The articles were searched for the following MeSH terms: “breast cancer,” “guidelines,” “rehabilitation,” “lymphedema,”, “survivor,” “survivorship,” “therapy,” “exercise,” “complementary,” “cognitive,” “integrative,” “body image,” “physical therapy,” “treatment,” and “quality of life.” We excluded guidelines without a clear level of evidence for the recommendations, guidelines without rehabilitative recommendations, and guidelines for patients under 18 years old. Unpublished guidelines (gray literature) were not included.

Two authors, who are expert clinicians and researchers in breast cancer rehabilitation, performed the literature search and data extraction independently. The discrepancies between the two authors were handled by comparing the results obtained with a third supervisor.

From 61 scientific publications that were screened, we selected four guidelines9-12 (Table 1). The two guidelines on integrative therapies clearly are not only about rehabilitation but also have many sections on rehabilitation; thus, we decided to include them. However, the medical management of these patients also includes general wellness, body image, and cardiac and bone health, which are inconsistently managed by rehabilitation clinicians; consequently, these aspects were not included in this narrative review. Only two guidelines have a patient association on the team10-11.

Table 1. Syntheses of International Guidelines

GUIDELINE

SOCIETY

JOURNAL, YEAR

MD

MP

Grading

Clinical Practice Guidelines on the Evidence-Based Use of Integrative Therapies During and After Breast Cancer Treatment. American Cancer Society9

American Cancer Society

CA Cancer J Clin 2017

YES

YES

UNK

(US PREVENTIVE TASK FORCE GRADING SYSTEM)

American Cancer Society/American Society of Clinical Oncology Breast Cancer Survivorship Care Guideline10

American Cancer Society

CA Cancer J Clin 2016

YES [P]

YES

UNK

(Level of Evidence - LOE)

Clinical practice guidelines on the use of integrative therapies as supportive care in patients treated for breast cancer11

Society for Integrative Oncology Guidelines Working Group

J Natl Cancer Inst Monogr 2014

YES [P]

YES

UNK
(Adapted US PREVENTIVE TASK FORCE GRADING SYSTEM)

Clinical Practice Guidelines for Breast Cancer Rehabilitation12

American Cancer Society

Cancer 2012

YES

YES

UNK
(AGREE II)

Table 1 Guidelines characteristics (MD = multidisciplinary, MP = multiprofessional, [P] = patient association or consumers, AGREE II: Appraisal of Guidelines for Research and Evaluation II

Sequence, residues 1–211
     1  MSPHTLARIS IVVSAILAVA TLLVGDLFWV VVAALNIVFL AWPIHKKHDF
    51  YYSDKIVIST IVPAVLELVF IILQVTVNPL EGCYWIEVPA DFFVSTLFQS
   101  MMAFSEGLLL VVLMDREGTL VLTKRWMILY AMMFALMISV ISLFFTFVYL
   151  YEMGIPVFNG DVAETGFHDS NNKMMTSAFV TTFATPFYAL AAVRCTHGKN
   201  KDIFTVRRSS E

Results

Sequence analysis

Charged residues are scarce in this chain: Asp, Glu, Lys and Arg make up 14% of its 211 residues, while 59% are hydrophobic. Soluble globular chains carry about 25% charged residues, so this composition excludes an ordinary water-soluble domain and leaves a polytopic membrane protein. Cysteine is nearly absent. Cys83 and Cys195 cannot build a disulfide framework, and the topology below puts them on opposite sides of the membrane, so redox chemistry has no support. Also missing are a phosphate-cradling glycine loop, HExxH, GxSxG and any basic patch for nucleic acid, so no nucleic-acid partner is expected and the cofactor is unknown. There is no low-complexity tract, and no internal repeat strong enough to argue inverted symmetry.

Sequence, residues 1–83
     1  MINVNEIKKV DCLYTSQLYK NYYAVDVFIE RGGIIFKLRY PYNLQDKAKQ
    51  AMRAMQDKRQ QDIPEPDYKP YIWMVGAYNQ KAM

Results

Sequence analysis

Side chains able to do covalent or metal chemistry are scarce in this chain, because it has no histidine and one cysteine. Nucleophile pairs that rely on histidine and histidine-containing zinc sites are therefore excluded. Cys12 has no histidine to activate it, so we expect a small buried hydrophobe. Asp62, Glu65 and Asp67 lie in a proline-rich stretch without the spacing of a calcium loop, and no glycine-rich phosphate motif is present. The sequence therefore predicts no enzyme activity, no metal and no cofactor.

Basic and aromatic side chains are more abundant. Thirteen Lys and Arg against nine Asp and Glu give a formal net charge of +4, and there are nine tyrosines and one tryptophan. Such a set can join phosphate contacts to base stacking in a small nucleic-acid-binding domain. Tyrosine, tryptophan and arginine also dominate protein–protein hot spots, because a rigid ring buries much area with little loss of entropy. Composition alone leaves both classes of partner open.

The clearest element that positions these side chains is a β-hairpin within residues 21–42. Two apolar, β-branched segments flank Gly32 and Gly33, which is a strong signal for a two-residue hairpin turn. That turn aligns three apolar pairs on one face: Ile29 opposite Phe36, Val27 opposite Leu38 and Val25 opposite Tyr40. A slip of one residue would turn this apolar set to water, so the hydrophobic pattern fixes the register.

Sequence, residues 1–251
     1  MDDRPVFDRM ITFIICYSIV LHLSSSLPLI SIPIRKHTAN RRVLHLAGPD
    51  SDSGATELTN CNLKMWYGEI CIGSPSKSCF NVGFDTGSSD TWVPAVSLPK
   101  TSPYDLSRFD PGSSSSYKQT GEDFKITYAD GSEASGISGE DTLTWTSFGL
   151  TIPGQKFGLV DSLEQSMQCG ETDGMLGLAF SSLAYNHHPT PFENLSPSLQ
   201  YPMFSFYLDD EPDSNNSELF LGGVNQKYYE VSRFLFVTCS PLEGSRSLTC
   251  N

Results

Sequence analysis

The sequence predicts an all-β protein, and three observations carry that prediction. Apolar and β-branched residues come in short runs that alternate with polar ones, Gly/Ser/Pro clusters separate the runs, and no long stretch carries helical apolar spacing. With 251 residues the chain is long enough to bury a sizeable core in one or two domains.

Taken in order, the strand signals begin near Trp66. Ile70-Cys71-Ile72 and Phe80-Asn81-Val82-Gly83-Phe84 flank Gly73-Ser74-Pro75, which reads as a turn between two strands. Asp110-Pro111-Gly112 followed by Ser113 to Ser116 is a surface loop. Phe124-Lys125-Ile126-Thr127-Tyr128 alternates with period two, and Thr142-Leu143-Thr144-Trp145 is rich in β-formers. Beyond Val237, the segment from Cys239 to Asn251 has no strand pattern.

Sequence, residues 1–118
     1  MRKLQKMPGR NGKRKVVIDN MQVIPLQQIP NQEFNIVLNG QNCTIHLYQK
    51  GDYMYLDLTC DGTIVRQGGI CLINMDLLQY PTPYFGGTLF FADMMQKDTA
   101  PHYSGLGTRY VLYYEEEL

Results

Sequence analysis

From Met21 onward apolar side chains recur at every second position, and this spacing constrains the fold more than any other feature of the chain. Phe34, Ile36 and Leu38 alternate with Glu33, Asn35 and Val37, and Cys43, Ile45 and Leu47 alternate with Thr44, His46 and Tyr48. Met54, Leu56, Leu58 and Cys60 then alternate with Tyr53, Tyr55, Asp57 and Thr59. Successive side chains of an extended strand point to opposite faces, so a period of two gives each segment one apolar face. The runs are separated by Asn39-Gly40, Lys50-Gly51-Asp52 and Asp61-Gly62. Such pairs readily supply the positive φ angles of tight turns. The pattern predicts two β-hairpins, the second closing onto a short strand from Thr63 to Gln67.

UNK = unknown

Every scientific society uses a different grading to express its recommendations: LOE (level of evidence) for the American Cancer Society (ACS) guidelines 2016, AGREE II for the American Cancer Society to rate the methodological quality of current practice guidelines, US Preventive Services Task Force (USPSTF) grading system for ACS guidelines 2017 and Society for Integrative Oncology (SIO) Guidelines Working Group 201410-13-15.

Table 2. Grading Systems adopted by Clinical Practice Guidelines

Level of Evidence (LOE)

LEVEL OF EVIDENCE

CRITERIA

I

Meta-analysis of randomized controlled trials (RCTs)

IA

RCT of breast cancer survivors

IB

RCT based on cancer survivors across multiple cancer sites

IC

RCT not based on cancer survivors, but on patients in the general population experiencing a specific long-term or late effect (eg, managing menopausal symptoms, sexual dysfunction, etc)

IIA

Non-RCTs based on breast cancer survivors

IIB

Non-RCTs based on cancer survivors across multiple sites

IIC

Non-RCTs not based on cancer survivors but on members of general population experiencing a specific long-term or late effect

III

Case-control study or prospective cohort study

0

Expert opinion, observational study (excluding case-control and prospective cohort studies), clinical practice, literature review, or pilot study

2A

NCCN Clinical Practice Guidelines in Oncology (NCCN Guidelines)

Adapted from US Preventive Services Task Force (USPSTF)

GRADE

DEFINITION

SUGGESTIONS FOR PRACTICE

A

Recommends the modality. There is high certainty that the NET BENEFIT IS SUBSTANTIAL.

Offer/provide this modality

B

Recommends the modality. There is high certainty that the net benefit is moderate, or there is moderate certainty that the NET BENEFIT IS MODERATE TO SUBSTANTIAL.

Offer/provide this modality

C

Recommends selectively offering or providing this service to individual patients based on professional judgment and patient preferences. There is at least moderate certainty that the NET BENEFIT IS SMALL.

Offer/provide this modality for selected patients depending on individual circumstances

D

Recommends against the service. There is moderate or high certainty that the modality has NO NET BENEFIT.

Discourage the use of this modality

H

Recommends against the service. There is moderate or high certainty that the HARMS OUTWEIGH THE BENEFITS.